What causes golfers elbow?

Golfers elbow usually develops as a result of overuse. Repetitive use of the elbow and arm can cause undue stress on the tendons that flex the wrist and fingers. This in turn leads to the development of microscopic tears in the tendons that flex the wrist and fingers resulting in inflammation and pain. Training errors, weakness of the forearm muscles, poor equipment or inadequate off-season training are some of the other factors that can cause golfers elbow. Finally, golfers elbow can develop as a result of direct trauma or after an elbow injury such as a fracture.

Can golfers elbow be detected on X-rays?

Inflammation of the tendons that flex the wrist and fingers cannot be seen on x-ray. Therefore, although x-rays are often done to rule out bony injuries in individuals with golfers elbow these x-...

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Tennis Elbow (Lateral Epicondylitis)

What structures make up the elbow joint?

The elbow is made up of three bones, which are connected by muscles, ligaments and tendons. The humerus is the large upper arm bone. The ulna and radius are the two bones in the forearm. Looking at the forearm with the palm of the fingers facing up, the ulna is located on the inner (medial) aspect of the forearm. The radius is located on the outer (lateral) aspect of the forearm. Projecting from the end of the humerus are the medial and lateral epicondyles. The epicondyles are the boney attachment sites for many of the forearm muscles.

The muscles that move the fingers and the wrist start at the elbow. These muscles attach via tendons to the medial and lateral epicondyles. Again, looking at the forearm with the palm of the fingers facing up, the forearm muscles that start on the medial epicondyle help to flex (move upwards, towards the face) the wrist and fingers. The forearm muscles that start on the lateral epicondyle help to extend (move downwards, away from the face) the wrist and fingers.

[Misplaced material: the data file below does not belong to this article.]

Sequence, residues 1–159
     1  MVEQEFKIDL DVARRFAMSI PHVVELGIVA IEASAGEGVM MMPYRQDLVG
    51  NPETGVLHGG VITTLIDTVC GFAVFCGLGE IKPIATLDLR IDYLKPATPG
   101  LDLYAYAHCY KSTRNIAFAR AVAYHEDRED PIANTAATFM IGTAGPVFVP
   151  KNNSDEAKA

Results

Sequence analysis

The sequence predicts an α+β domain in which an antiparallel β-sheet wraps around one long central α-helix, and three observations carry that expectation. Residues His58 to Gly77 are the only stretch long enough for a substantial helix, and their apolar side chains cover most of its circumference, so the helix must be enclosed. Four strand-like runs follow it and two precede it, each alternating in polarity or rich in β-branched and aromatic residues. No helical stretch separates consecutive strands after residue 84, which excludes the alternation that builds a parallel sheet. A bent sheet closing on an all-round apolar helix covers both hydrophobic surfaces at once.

What is "Tennis Elbow"?

"Tennis Elbow" (a.k.a. lateral epicondylitis) is the term used to describe irritation (inflammation) of the tendons that connect the muscles that extend the wrist and fingers to the lateral epicondyle of the elbow. A common site for tennis elbow to occur is right at the attachment site of the tendons to the lateral epicondyle. Although this site is the most common, inflammation can occur anywhere along the tendons.

What does tennis elbow feel like?

Tennis elbow usually begins with a gradual onset of dull, intermittent in the outer part of the elbow. It may progress and develop into a sharp continuous pain. Repetitive use of the elbow or arm can increase the pain. Tenderness is often present over the lateral epicondyle of the elbow.

What causes tennis elbow?

Tennis elbow usually develops as a result of overuse. Repetitive use of the elbow and arm can cause undue stress on the tendons that extend the wrist and fingers. This in turn leads to the development of microscopic tears in the tendons that extend the wrist and fingers resulting in inflammation and pain. Training errors, weakness of the forearm muscles, poor equipment or inadequate off-season training are some of the other factors that can cause tennis elbow. Finally, tennis elbow can develop as a result of direct trauma or after an elbow injury such as a fracture.

Can tennis elbow be detected on X-rays?

Inflammation of the tendons that extend the wrist and fingers cannot be seen on x-ray. Therefore, although x-rays are often done to rule out bony injuries in individuals with tennis elbow these x-rays a...

Click here to read the rest of this article from Joint Pain Info